Russia consequently summoned Croatia's defense attaché to the Defence Ministry over information that hundreds of Croatian mercenaries had gone to fight in the Ukraine, but the attaché refused to accept the diplomatic summons, claiming that neither Croatia's Defence Ministry nor any other Croatian governmental institution has any connection to those individuals.

In fact, Croatia proclaimed that it has no intention of stopping or criminalizing such illegal activities. Croatia's Prime Minister, Andrej Plenkovic, in contrast to President Zoran Milanovic who expressed balanced views on the conflict, openly described himself as "proud to be a Russian enemy."

Although Russia may be angry at Croatia, as it is with many other countries with similar behavior, it sounds quite unconvincing that as a powerful country it would commit a terrorist-like act on a non-strategic civilian target, only against Croatia, and during the ongoing conflict. Such hostile action, overt or covert, would be of a zero benefit to Russia. Besides, even if Croatia changes its policy and declares itself an ally of Moscow, it would not help Russia in the military, political and economic sense.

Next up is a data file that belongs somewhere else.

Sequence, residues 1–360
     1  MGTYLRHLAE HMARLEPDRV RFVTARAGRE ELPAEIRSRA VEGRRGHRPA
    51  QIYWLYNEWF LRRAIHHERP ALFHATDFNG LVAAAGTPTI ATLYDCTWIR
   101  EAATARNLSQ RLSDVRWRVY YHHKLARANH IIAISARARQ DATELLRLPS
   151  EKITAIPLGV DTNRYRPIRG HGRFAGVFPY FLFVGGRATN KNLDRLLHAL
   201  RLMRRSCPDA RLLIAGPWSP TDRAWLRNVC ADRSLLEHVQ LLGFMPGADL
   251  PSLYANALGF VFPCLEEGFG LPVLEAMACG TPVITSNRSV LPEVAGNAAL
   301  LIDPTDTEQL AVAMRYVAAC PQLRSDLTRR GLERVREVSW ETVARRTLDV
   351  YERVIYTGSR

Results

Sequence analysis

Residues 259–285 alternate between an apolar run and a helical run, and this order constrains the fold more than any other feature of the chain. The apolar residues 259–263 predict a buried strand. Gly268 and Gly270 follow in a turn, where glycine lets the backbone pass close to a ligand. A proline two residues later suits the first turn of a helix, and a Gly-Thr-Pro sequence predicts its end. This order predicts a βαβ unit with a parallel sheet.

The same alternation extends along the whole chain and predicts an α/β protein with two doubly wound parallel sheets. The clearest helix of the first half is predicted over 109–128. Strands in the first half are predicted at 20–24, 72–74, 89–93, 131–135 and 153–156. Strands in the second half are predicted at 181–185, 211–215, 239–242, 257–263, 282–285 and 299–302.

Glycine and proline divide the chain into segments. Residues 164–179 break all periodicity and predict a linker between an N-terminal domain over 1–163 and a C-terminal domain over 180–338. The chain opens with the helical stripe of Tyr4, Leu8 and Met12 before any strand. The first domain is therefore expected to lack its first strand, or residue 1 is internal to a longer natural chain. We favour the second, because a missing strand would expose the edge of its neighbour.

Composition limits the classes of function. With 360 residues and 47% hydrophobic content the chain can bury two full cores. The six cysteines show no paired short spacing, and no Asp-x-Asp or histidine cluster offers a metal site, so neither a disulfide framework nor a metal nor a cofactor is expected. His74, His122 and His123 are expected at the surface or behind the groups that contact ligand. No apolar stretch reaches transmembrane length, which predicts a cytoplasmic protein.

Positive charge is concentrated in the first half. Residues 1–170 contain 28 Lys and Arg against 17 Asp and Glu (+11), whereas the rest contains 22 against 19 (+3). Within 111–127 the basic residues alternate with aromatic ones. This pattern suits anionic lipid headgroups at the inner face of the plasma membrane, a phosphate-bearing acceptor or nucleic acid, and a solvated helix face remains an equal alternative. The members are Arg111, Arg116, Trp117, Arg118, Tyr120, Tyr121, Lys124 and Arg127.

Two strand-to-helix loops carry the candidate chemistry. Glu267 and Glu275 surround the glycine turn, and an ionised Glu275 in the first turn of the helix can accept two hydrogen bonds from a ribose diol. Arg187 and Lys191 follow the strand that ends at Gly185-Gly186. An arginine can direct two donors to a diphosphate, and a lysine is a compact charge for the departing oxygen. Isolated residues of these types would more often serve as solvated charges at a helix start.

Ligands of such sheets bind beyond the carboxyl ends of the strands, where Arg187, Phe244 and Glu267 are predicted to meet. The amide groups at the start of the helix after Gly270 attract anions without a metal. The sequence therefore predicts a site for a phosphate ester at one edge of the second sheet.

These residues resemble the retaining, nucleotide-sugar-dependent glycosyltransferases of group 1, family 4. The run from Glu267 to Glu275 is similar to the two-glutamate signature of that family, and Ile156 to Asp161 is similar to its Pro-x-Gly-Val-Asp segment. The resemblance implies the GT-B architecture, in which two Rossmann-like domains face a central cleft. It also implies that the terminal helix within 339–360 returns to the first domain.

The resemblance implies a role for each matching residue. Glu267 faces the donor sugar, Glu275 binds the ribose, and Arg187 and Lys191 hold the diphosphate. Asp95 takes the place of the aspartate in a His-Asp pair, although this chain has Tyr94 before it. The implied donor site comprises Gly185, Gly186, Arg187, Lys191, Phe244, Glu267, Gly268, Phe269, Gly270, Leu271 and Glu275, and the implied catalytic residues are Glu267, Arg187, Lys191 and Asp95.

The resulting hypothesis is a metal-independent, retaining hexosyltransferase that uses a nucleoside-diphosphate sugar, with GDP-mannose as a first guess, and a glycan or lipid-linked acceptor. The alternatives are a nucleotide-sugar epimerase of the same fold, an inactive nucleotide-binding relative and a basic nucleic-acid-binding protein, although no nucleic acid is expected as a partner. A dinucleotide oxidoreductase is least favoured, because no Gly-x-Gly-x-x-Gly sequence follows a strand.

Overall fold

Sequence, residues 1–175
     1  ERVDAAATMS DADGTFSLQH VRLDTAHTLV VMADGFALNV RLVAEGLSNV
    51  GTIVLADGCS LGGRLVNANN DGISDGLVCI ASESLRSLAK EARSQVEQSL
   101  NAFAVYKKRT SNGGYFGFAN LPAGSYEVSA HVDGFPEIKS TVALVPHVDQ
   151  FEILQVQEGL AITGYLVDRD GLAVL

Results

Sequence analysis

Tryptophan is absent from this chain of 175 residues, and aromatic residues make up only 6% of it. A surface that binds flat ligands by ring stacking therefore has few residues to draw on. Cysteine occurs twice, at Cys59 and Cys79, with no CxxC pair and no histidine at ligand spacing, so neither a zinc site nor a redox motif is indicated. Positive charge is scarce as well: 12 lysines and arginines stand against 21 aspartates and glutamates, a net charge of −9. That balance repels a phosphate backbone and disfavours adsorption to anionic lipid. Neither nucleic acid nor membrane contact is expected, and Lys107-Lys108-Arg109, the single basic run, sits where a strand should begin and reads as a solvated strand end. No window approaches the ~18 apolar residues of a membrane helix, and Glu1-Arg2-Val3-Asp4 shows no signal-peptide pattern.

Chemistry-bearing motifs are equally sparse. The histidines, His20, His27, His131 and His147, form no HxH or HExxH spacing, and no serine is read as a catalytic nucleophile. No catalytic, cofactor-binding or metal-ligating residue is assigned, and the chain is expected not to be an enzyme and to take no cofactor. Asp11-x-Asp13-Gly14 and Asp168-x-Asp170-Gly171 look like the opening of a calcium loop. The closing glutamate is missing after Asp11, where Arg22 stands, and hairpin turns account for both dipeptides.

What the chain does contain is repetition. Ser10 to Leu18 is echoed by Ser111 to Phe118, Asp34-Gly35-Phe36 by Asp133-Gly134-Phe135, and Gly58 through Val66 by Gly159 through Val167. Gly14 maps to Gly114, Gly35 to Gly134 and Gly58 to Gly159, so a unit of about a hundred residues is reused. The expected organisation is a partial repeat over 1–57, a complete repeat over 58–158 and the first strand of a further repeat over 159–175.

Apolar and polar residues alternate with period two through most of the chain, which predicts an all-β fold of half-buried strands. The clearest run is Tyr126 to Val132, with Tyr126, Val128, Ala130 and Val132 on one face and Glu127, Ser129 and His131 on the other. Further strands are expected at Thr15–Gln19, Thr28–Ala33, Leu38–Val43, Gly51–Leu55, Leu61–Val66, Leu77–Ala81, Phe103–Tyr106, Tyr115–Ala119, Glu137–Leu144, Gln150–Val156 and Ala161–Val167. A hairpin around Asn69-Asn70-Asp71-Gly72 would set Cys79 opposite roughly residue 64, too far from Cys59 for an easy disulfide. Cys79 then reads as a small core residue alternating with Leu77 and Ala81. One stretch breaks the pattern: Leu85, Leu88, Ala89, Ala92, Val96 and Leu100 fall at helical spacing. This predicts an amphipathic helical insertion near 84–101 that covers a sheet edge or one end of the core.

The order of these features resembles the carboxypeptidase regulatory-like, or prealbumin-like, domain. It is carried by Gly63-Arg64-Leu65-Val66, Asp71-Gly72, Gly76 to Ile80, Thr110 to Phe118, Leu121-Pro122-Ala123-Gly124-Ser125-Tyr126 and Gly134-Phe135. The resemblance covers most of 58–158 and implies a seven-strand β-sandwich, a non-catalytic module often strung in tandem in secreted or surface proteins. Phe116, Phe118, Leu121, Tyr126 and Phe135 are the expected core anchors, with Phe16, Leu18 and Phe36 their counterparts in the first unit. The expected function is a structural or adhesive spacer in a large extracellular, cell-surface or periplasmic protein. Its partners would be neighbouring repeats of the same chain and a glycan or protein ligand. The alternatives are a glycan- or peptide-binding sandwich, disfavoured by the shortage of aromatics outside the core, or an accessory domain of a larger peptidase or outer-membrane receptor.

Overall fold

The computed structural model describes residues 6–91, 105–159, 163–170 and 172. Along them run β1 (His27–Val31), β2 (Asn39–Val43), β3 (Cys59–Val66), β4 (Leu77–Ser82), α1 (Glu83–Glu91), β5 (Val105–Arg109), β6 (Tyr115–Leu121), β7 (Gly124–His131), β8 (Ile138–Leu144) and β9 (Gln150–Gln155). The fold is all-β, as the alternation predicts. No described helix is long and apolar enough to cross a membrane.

As a matter of fact, any Russian involvement in the incident could benefit only Ukraine and its warmonger allies, as it would give them a perfect pretext to establish a NATO-led no-fly zone over Ukraine, something which Ukrainian politicians have been desperately seeking for days. This scenario includes a false flag operation with faked evidence for the world audience, and Croatia as a country devoid of an air force or any credible air defense systems, is an ideal target.

But unfortunately for the perpetrators, things did not go according to plan: the crash landing on a soft green area was relatively soft, enough for the debris with markings to stay preserved, and the appearance of witnesses who photographed them made it impossible for government services to conceal key evidences.